ISRO chairman reacts after NASA said they found remains of India’s Vikram Lander

Just a day after American space agency NASA spotted the remains of Chandrayaan-2’s crashed Vikram lander, ISRO chairman Dr K Sivan added that Indian space agency’s own orbiter had already located the lander and also declared it on its website.

“Our own orbiter had located Vikram Lander, we had already declared that on our website, you can go back and see,” Dr K Sivan was quoted as saying.

A NASA satellite which was orbiting the Moon has discovered India’s Vikram lander which crashed on the lunar surface in September, the US space agency has said. The American space agency released a picture snapped by its Lunar Reconnaissance Orbiter (LRO) that showed the site of the spacecraft’s impact (September 6 in India and September 7 in the US) and connected debris field, with parts shattered over in several kilometres.

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It is worth mentioning here that an Indian man was the one behind solving the biggest mystery in India space history. National Aeronautics Space Agency (NASA) has showered praise on Chennai-based techie and space science enthusiast Shanmuga Subramanian for an important tip-off that led to the discovery of ISRO’s moon lander Vikram, which rammed into the lunar surface on the far side of the south pole during the final stages of a complex manoeuvre in September this year.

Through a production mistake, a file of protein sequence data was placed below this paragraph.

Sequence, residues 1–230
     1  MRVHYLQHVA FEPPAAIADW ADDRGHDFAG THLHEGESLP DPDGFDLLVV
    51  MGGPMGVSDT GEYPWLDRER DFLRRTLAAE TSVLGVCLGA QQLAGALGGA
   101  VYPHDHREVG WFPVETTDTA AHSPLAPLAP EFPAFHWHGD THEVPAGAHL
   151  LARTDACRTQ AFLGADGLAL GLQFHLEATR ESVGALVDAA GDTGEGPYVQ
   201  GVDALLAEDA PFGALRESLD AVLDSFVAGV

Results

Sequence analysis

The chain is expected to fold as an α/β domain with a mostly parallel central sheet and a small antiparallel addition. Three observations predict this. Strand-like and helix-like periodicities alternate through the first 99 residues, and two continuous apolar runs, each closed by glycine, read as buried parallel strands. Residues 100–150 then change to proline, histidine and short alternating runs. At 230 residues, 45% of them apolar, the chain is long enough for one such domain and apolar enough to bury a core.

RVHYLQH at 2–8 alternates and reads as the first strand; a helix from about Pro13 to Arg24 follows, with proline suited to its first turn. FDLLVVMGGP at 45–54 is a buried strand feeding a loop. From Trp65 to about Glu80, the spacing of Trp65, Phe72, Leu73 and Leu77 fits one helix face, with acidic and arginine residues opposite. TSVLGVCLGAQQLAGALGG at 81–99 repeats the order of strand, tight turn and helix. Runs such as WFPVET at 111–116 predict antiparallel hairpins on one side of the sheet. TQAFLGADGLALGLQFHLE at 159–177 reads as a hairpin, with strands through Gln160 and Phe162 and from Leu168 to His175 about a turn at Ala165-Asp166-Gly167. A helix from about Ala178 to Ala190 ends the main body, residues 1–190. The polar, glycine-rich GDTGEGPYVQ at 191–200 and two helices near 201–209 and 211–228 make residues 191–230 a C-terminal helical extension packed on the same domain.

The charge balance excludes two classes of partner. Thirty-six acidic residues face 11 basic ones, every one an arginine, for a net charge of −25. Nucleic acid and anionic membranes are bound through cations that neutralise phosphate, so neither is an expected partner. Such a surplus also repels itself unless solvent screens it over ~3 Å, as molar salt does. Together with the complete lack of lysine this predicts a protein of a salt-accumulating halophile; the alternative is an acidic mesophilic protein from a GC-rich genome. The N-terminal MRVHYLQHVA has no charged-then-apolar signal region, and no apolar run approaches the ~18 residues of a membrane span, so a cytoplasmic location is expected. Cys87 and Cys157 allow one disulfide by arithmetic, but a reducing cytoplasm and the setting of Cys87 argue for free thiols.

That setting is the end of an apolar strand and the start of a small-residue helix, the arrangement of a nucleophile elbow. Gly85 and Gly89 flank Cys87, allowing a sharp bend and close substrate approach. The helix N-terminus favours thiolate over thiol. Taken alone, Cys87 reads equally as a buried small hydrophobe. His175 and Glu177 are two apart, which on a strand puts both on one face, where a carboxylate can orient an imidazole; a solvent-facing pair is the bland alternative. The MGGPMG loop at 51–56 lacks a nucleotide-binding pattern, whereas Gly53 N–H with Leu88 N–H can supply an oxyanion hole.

In a post mentioned on its website early on Tuesday, the American space agency has said its moon mission discovered the debris of India’s Vikram Lander and discovered the remains spotted by Subramanian with an “S” on its image.

The Chennai-based technologist identified debris about 750 m from the main crash site of the lander, notified NASA, which said pictures made public by the space agency was searched by enthusiasts in search of the spacecraft.

“Lunar Reconnaissance Orbiter Camera team released the first mosaic (acquired Sept. 17) of the site on Sept. 26 and many people have downloaded the mosaic to search for signs of Vikram. Shanmuga Subramanian contacted the LRO project with positive identification of debris. After receiving this tip, the LROC team confirmed the identification by comparing before and after images.”

Meanwhile, a statement on ISRO’s website on September 10 reads: “Vikram lander has been located by the orbiter of Chandrayaan-2, but no communication with it yet. All possible efforts are being made to establish communication with lander.”

The space agency’s chairman had previously called Chandrayaan-2 the “most tough mission ever” undertaken by the Indian space agency.

India had hoped to become just the fourth nation after the likes of the United States, Russia and regional rival China to make a successful Moon landing and the first on the lunar south pole. Just days after the failed landing, the Indian Space Research Organisation said it had located the lander but was unable to establish communication.